Students create a colourful frame for a special picture using coffee filters they have coloured with markers and water.
Pre-Kindergarten to Kindergarten
Language Arts Mathematics Visual Arts
Crayola Non-Washable Broad Line Markers - 10 CountCrayola ScissorsCrayola Washable No-Run School GlueCrayola Coloured Pencils - 12 CountSpray Water BottleCardstock Paper - White Coffee Filters - White - 6 per studentCardboard Picture Frame - 1 per studentPicture of Student
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Colour lots of different patterns and colours on about 6 coffee filters.
Try lots of different ways to add colours, for example, use: - only primary colours - only non-primary colours - 1 colour - 2 colours - 3 colours
Scrunch the coloured coffee filters into balls.
Place them onto a washable surface, such as a plastic tablecloth or garbage bag.
Spray the coffee filters about 3 times.
Turn the coffee filters over after the first spray to make sure the whole filter gets wet.
Gently open each coffee filter and lay it flat to dry.
What do you notice? - What kinds of patterns do you see? - What happened with the primary colours? - What happened with the other colours?
Allow the coffee filters to dry overnight.
Cut the coffee filters into 4 quarters.
Choose one of the coffee filter quarters.
Pinch the centre and glue the pinched part onto the frame.
Continue gluing the coloured quarters all the way around the frame.
Make sure you fill the entire frame with coloured quarters.
You shouldn’t see any of the frame once you have finished.
Practice writing a caption about your picture on a scrap of paper.
Glue your picture onto the top half of a piece of card stock paper.
Write your caption below it.
Glue the picture to the back of the frame.
View your frame with fresh eyes. - What do you like best about it? Why? - Who would love this frame? Why? - How does the frame make your picture look? - What did you learn about colours while making this frame?
Students will be able to:
work independently and self-regulate;
create personal responses to the activity materials;
share their ideas with peers;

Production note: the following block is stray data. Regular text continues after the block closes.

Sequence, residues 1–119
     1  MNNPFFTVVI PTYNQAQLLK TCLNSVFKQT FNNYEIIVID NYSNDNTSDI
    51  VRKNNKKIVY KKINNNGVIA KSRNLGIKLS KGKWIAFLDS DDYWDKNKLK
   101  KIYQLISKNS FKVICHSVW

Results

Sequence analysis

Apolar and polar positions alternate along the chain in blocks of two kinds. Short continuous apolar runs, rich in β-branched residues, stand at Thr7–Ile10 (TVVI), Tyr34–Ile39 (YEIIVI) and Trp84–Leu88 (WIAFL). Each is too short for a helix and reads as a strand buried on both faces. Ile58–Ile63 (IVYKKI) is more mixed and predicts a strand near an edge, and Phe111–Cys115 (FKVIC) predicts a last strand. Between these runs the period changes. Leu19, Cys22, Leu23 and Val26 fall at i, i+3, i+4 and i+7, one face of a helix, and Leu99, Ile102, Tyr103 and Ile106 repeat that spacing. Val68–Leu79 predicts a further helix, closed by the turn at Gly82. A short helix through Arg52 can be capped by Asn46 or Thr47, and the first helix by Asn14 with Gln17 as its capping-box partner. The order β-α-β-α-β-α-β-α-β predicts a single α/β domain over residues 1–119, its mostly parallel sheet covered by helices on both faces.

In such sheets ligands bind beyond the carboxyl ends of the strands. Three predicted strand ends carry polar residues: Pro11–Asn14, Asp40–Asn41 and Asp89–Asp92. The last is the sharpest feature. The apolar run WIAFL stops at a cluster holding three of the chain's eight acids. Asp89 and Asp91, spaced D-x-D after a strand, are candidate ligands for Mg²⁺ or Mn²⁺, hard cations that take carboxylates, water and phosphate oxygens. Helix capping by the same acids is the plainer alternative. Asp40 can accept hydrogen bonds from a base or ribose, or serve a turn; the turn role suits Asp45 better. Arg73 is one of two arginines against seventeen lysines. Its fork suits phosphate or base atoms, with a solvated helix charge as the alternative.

demonstrate a sense of accomplishment.
As a class:
experiment with mixing colours of paint;
mix 2 primary paint colours together;
discuss what happens and why;
mix 2 non-primary colours together;
discuss what happens and why;
make up fancy names for the colours you mix.
Have a class discussion about accomplishments and why they are important.
List some of the things students have already accomplished, for example, - level one in swimming lessons - graduating kindergarten - completing their first dance recital
Have students bring in a picture of themselves of a special memory and place them on display.
Gather materials listed under requirements.
Download and display the Colourposter available on this website.
Encourage students to view and discuss their pictures with other classmates.
Explain to students that they will be creating a colourful picture frame for the special picture they brought in.
Conduct a read-aloud with a book such as Mouse Paint, by Ellen Stohl Walsh focussing on what happens when you mix specific primary colours together.
View the colour wheel and list the primary and secondary colours on a chart paper.
Mix new colours.
Identify primary and secondary colours.
Cut circles into 4 quarters.
Create a special picture frame.
Use your imagination and problem-solving skills as you explore ideas.
Ensure that everyone understands the challenge.
Establish success criteria with your students, for example, I know I am successful when I have: - mixed new colours - cut circles into 4 quarters - glued paper to a frame so that is sticks - created a special picture frame using coloured paper - written a caption for my picture - kept everything in good condition
Guide students through the steps outlined in this lesson plan.
Observe students as they work.
Provide individual assistance and encouragement.
Place students into groups of 3 or 4 and ask them to share their picture frames with each other. Ask students to share the following: - What do you like best about your frame? Why? - How does the frame make your picture look? - What do you see that makes you say that? - What did you learn about colour mixing while making the circles? - What did you like best about making this frame? Why?
Display the picture frames in the classroom.
Observe students as they work – thoughtful focus, discriminating, seeking more information, elaborating, experimenting.
Observe students as they discuss their frames – speaks with a clear voice, looks at audience while speaking, points to areas in the frame, provides accurate information, answers questions from the audience effectively.
Observe students as they listen – looks at presenter, asks effective questions, supports ideas with evidence found in the artwork.
Use a checklist to track progress. (Downloads - Frame_tracking.sheet.pdf)